Prices for can­cer drugs high­est in US, least af­ford­able in In­dia and China, Rabin Med­i­cal Cen­ter study says


CHICAGO (Reuters) – Amer­i­cans pay the high­est prices in the world for can­cer drugs, but the treat­ments are least af­ford­able in lower-in­come coun­tries, ac­cord­ing to the re­sults of a new study re­leased on Mon­day.

The study of can­cer-drug prices in seven coun­tries, which did not take into ac­count dis­counts or re­bates to list prices, was pre­sented at the an­nual meet­ing of the Amer­i­can So­ci­ety of Clin­i­cal On­col­ogy in Chicago.

The low­est drug prices were found in In­dia and South Africa. But af­ter cal­cu­lat­ing price as a per­cent­age of wealth ad­justed for the cost of liv­ing, can­cer drugs ap­peared to be least af­ford­able in In­dia and China.

Re­searchers at Rabin Med­i­cal Cen­ter in Pe­tah Tikva cal­cu­lated monthly drug doses for 15 generic and eight brand-name can­cer drugs used to treat a wide range of can­cer types and stages. List prices in Aus­tralia, China, In­dia, South Africa, the United King­dom, Is­rael and the United States were ob­tained from gov­ern­ment web­sites.

The high prices com­manded by mod­ern can­cer drugs are gen­er­at­ing in­creased re­sis­tance and de­mands for price dis­counts from politi­cians, health-care providers, in­sur­ers, pa­tients and some doc­tors.

Drug com­pa­nies ar­gue that they need to make a profit to pay for the bil­lions of dol­lars needed for drug re­search. Many com­pa­nies also have ex­ten­sive low-cost or free-ac­cess schemes for pa­tients who can­not af­ford their medicines.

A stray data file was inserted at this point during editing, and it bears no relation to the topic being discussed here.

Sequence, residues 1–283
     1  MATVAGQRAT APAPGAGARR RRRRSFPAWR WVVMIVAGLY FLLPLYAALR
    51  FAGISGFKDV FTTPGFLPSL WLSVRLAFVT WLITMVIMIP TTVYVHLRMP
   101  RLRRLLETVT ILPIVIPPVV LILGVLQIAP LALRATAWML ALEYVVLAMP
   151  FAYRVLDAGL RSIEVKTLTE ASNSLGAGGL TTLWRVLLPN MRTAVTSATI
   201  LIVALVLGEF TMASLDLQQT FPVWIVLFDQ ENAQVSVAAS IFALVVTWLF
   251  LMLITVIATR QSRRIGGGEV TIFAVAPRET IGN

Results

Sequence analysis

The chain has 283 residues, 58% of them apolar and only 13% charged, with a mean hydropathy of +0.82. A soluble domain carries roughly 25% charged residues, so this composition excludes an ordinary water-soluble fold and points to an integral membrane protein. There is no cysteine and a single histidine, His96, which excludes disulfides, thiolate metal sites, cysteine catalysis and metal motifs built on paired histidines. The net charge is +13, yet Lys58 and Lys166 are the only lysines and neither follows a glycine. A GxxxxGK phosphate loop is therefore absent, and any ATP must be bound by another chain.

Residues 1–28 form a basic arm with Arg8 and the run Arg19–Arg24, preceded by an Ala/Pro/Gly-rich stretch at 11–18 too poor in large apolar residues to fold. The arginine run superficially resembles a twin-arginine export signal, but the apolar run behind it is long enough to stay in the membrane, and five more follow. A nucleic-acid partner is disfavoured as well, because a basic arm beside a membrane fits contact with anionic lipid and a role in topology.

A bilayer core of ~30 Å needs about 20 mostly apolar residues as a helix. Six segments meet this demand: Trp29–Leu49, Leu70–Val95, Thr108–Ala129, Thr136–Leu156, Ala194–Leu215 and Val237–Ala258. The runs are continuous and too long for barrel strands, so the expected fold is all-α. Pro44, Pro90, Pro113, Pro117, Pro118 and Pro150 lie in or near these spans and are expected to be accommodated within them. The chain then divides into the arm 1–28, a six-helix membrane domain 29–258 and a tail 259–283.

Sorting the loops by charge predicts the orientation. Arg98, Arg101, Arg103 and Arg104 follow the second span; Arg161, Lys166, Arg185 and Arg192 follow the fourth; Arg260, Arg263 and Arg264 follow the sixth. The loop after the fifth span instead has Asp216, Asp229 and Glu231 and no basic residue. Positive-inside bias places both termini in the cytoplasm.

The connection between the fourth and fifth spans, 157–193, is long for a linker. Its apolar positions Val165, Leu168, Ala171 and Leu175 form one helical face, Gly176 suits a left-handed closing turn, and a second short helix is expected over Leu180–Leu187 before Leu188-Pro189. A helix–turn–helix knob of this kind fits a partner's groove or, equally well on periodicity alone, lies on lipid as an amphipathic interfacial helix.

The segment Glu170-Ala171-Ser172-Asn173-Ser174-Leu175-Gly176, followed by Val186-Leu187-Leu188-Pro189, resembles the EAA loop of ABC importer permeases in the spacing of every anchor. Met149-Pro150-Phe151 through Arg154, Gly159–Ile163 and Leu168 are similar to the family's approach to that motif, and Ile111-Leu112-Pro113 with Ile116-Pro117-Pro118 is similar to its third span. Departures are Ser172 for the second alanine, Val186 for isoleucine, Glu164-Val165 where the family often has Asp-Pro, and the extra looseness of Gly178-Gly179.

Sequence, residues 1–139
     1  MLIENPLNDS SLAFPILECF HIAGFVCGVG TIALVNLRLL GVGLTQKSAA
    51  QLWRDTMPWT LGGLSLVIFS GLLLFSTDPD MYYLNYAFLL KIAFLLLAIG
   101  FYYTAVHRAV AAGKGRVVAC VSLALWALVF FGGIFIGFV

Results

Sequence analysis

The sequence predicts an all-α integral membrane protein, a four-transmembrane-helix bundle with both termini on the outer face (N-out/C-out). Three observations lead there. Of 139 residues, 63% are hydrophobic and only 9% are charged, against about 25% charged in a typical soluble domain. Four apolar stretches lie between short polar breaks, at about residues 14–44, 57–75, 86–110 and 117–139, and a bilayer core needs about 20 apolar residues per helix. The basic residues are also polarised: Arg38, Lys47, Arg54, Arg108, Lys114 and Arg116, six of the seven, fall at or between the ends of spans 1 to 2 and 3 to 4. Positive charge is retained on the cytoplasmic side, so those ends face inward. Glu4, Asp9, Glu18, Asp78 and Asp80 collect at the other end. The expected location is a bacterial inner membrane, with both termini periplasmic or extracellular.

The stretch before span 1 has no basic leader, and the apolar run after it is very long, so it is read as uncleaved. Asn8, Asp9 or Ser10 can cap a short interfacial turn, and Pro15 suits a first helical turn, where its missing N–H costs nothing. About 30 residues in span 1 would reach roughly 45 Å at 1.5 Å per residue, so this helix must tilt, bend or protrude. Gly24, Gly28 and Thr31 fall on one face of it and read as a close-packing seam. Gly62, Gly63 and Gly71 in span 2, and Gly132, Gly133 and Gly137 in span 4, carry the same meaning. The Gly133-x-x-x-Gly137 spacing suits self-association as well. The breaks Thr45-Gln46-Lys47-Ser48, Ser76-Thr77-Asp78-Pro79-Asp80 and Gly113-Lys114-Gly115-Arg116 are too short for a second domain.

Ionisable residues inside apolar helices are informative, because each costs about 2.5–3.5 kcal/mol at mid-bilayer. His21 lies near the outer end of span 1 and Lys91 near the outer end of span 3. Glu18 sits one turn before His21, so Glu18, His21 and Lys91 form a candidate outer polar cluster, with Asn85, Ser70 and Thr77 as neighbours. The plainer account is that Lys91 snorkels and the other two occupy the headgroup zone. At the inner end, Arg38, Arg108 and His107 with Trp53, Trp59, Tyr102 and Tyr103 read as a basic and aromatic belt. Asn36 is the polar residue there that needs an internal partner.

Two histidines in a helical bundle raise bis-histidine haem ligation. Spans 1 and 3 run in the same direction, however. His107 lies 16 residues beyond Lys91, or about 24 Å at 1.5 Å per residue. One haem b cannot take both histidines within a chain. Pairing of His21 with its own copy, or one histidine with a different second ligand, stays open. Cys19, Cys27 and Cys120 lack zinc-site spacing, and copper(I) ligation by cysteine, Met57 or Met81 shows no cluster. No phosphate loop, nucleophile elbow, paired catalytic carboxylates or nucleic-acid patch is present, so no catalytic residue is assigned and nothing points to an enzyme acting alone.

The study’s re­searchers used sta­tis­tics for gross domestic prod­uct and cost of liv­ing from the International Mon­e­tary Fund to es­ti­mate drug price af­ford­abil­ity.

Me­dian monthly prices for branded drugs ranged from $1,515 in In­dia to $8,694 in the US. For gener­ics, me­dian prices were the high­est in the US, at $654, and the low­est in South Africa, at $120, and In­dia, at $159.

In terms of abil­ity to pay, the study found can­cer drugs to be most af­ford­able in Aus­tralia, where generic drugs were priced at 3 per­cent of “domestic prod­uct per capita at pur­chas­ing power par­ity,” and patented drugs were 71% of the same mea­sure.

In China, the study found prices of generic drugs were 48% of wealth ad­justed for the cost of liv­ing, and patented drugs were 288% of the same mea­sure.

In In­dia, the cost of gener­ics was 33% of that mea­sure, while patented drugs were 313% of it.

In the US, gener­ics were found to be priced at 14% of wealth ad­justed for the cost of liv­ing, and patented can­cer drugs were 192% of the same mea­sure.

The study did not take into ac­count that drug costs are paid by ei­ther the gov­ern­ment, health in­sur­ers or pa­tients them­selves, depend­ing on each coun­try’s health-insurance sys­tem.

World­wide spend­ing on can­cer medicines will ex­ceed $150 bil­lion by 2020, driven by the emer­gence of ex­pen­sive new ther­a­pies that help the im­mune sys­tem to at­tack tu­mors, ac­cord­ing to a fore­cast ear­lier this year from IMS Health Hold­ings.

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